Dunfermline Athletic

Norrie Tribute Night - Part Five

Sunday, 17th Jan 2016

The Norrie McCathie Tribute night addressed all aspects of Norrie McCathie's life but the pain of his death was felt by football people far and wide.

Comments from Craig Robertson, Hamish French and Roy Woodrow described the emotions back in January 1996. The views of the players were sought but it was decided that the match against Clydebank should go ahead on Saturday 20th January. It would be the first match just 12 days after Norrie's tragic death.

Roy Woodrow:- "It was very difficult. Clydebank had had the same experience the year before (when Davie Cooper died 22.03.95) It was a very subdued boardroom that day. The fans were silenced but as the day went on, like football goes, it all changed."

Hamish French:- "After all that had happened your thoughts turned to Norrie. The atmosphere at the ground was subdued but once the game started, as a player you try to do your best. We did get a lot of help from the crowd as the game developed. It was nervous but we did in the end get an energy in the end from the crowd that pushed us over the line to get the three points."

RW:- "It was a hard game but the players did extremely well. We were 3-0 up but lost a goal and you could see the legs going from the players when they scored their goal when it came back to 3-3 we thought we would be lucky to survive but the fans at that stage were still thinking about Norrie but the arrangements were still underway for the following week. When Craig (Robertson) scored the fourth goal I think everybody even including the referee just looked up at the sky."

CR:- "I knew I had hit the shot well and I just hoped that it would go in the right place. You could hit 20 of these shots and 19 would go past. So I was just lucky it went in.

HF:- "All the games were important at that time but it was just a relief to get the three points for Norrie's memory.

"It was great to go on and win the league that season because we had come so close the previous season. People were writing us off again after all that had happened. The town and supporters got right behind is and gave us that extra push. To finally do it was fantastic."

Stewart Petrie and Andy Smith were next on stage and Stewart returned to the Clydebank game:-

"I remember the warm up was the eeriest atmosphere I have ever been involved in. All through the warm up nobody said a thing. Dick (Campbell) grabbed all the boys and got us into a Celtic huddle and it just seemed to lift the whole place, even the crowd as well because they were coming in and standing in their usual positions and never said a word. That was unusual for East End at that time. You could see by the size of the crowd that the quicker this club gets back into the Premier League the better."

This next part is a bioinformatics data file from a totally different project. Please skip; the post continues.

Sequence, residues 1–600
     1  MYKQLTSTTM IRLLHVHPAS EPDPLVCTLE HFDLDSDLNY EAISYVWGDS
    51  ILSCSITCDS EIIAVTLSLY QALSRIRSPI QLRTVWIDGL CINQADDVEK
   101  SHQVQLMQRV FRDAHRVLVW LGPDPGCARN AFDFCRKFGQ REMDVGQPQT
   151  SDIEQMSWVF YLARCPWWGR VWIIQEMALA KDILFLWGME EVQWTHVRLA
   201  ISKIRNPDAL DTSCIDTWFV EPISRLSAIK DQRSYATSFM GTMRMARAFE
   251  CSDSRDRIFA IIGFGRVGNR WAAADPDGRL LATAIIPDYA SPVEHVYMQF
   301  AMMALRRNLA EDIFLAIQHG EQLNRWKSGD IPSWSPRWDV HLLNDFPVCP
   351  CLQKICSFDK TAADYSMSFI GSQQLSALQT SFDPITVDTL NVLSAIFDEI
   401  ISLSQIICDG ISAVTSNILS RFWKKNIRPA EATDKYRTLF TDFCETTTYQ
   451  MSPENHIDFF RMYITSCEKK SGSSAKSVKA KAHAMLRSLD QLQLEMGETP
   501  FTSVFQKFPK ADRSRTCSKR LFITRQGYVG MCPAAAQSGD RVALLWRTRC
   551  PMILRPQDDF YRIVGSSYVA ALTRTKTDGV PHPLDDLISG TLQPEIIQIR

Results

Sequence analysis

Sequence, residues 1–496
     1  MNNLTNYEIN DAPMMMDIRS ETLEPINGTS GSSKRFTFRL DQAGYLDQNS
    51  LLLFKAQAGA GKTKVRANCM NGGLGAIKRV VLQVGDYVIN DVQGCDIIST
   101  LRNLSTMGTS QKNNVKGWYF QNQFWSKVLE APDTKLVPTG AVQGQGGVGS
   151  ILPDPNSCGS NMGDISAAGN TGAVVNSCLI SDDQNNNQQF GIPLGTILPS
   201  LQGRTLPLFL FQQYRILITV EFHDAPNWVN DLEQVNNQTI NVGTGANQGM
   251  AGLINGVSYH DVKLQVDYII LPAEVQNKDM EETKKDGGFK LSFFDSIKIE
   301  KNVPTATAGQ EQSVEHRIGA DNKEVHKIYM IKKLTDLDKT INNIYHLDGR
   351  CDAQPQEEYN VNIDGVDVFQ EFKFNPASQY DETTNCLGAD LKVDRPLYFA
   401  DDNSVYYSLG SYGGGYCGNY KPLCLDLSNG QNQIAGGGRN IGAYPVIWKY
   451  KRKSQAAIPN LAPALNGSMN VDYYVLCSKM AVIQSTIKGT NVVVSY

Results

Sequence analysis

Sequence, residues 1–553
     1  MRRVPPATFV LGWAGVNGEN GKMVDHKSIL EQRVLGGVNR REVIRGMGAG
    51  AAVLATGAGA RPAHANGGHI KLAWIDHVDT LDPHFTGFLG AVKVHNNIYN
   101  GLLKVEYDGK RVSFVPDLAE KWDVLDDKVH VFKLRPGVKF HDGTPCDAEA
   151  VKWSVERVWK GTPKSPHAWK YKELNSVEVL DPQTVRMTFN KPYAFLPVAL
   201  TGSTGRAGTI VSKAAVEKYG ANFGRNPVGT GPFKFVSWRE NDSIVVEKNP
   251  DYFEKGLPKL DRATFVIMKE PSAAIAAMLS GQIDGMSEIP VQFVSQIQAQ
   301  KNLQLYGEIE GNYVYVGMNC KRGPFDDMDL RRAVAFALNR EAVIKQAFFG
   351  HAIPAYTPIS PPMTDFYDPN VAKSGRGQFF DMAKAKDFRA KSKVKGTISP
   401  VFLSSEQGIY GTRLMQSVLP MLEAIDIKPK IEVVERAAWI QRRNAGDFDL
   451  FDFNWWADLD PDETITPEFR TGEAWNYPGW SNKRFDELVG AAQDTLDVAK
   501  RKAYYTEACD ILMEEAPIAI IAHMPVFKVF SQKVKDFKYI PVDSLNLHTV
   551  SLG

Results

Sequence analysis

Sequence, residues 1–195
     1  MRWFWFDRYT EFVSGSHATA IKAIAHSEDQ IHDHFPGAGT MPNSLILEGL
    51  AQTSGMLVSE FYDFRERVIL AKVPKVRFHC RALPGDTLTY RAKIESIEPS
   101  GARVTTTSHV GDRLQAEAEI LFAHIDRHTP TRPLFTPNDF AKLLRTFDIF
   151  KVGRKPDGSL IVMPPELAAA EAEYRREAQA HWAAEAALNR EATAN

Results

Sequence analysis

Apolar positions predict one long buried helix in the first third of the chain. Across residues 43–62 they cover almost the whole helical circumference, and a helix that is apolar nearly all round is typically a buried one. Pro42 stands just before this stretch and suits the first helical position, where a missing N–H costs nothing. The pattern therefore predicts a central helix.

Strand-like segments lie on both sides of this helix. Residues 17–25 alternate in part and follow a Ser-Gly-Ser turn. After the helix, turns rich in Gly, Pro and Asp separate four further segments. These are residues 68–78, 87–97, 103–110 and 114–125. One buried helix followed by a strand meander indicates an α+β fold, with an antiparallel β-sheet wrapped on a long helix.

Bert Paton signed Andy Smith from Airdrie for a fee of £70,000 in the summer of 1995, but Pars fans needed a lot of convincing that the signing had been a good idea. Andy recalled being booed on to the pitch at East End Park on his debut against Bolton Wanderers in a pre-season friendly, and to make matters worse he broke his leg! Andy remembered Norrie's reaction:-

"When I came back into the club later that week, Norrie knew that I was in a bad place but he actually said 'that is a good thing that the fans booed you'. I wondered how that could be good but he said 'it means that you have done well when you have done well against us before and it means then that they are now happy that you are here'. He was very good at looking after team mates like the guys have said earlier on. He was always good with all the younger players."

The four months that remained of the 1995-1996 season turned out to bring the success required to ensure promotion. Stewart Petrie got a cheer for scoring the winning goal at Dundee United. Andy Smith paid tribute to manager Bert Paton and Assistant Dick Campbell for their contribution:-

"You need a strong staff. They got us focused again and pointed out what we needed to do was win the league; the best thing we could do to get over this bad situation here was to win the league and do it for Norrie. We took our time in doing it on the last day of the season but it was a fitting tribute to a wonderful person."

In Part Six - the final part - we hear from Dick Campbell - to follow



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